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Wheatador Puppies

The Wheatador is not a common mixed breed, so you might have difficulty locating one. If you can’t find a Wheatador breeder, try talking to Lab or Wheaten breeders, as they might know where you can find one of these mixed dogs. If you do manage to find a breeder, you should ensure that they are reputable. Ask them questions, and request to see the puppies and their parents at the breeder’s home or kennels.

Also, try posting your interest in adopting a Wheatador online through social media. It might not take long for one of these pups to find their way to you!

There’s also adoption through a rescue group or animal shelter to consider, which is one of the best ways to get a dog. But when you’re looking for a specific breed, particularly a mixed breed, it might take a while, particularly if you have your heart set on a puppy.

The Parent Breeds of the Wheatador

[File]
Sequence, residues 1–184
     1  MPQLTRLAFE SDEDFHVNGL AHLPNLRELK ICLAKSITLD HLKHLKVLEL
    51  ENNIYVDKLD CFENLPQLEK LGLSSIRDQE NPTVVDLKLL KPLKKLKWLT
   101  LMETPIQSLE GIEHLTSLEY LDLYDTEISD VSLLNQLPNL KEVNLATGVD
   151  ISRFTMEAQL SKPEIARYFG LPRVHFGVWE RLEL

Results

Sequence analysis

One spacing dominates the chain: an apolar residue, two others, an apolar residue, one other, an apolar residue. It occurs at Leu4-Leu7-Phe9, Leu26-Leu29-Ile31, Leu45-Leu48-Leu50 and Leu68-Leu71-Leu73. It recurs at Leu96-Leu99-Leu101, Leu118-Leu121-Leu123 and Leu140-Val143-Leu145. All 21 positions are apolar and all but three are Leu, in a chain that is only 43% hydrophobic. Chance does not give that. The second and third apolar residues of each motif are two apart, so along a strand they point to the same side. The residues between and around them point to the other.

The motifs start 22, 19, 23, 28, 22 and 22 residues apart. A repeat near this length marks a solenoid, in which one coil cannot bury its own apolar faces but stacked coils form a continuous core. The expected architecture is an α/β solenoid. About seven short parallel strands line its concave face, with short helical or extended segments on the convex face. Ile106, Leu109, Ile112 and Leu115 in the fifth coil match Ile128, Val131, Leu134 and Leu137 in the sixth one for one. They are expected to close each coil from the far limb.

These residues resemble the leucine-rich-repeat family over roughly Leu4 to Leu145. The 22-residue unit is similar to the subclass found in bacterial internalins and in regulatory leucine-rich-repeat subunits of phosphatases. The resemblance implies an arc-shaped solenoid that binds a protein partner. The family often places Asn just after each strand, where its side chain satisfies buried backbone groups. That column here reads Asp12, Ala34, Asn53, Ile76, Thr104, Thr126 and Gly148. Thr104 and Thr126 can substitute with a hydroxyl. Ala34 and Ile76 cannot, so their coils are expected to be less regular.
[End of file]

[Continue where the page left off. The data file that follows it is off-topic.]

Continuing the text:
Image By: (L) bohemama, Shutterstock | (R) Ben Hanson, Unsplash

Temperament & Intelligence of the Wheatador

Wheatadors are energetic and fun dogs that love playtime with their families. They are smart, but since they can be stubborn, you might find them trying at times. These friendly and social dogs tend to enjoy meeting people, which makes them not so great at being watch or guard dogs.

If they have more of their Wheaten parent in them, they will more likely be stubborn and strong-willed, while the Lab side will make them big, lovable goofballs.

Are These Dogs Good for Families?

The Wheatador makes an excellent family dog, but their terrier side can make them mouthy, so they should be supervised around young children. But that’s true for all dogs, no matter the temperament or size.

You should also teach your children how to treat dogs with love and respect. Riding a dog around like a horse or pulling on tails and ears should not be allowed. With proper guidance, the Wheatador will enjoy playing with the kids as much as they do cuddling up with them.

Does This Breed Get Along with Other Pets?

Labs get along well with other pets, but the Wheaten has terrier instincts that get in the way.

The Wheatador should be okay if they are raised and socialized alongside other animals, but they have a strong prey drive, particularly for small animals, which is something that you should be careful with when making introductions. Of course, it all depends on which parent the Wheatador takes after the most.

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Things to Know When Owning a Wheatador

Food & Diet Requirements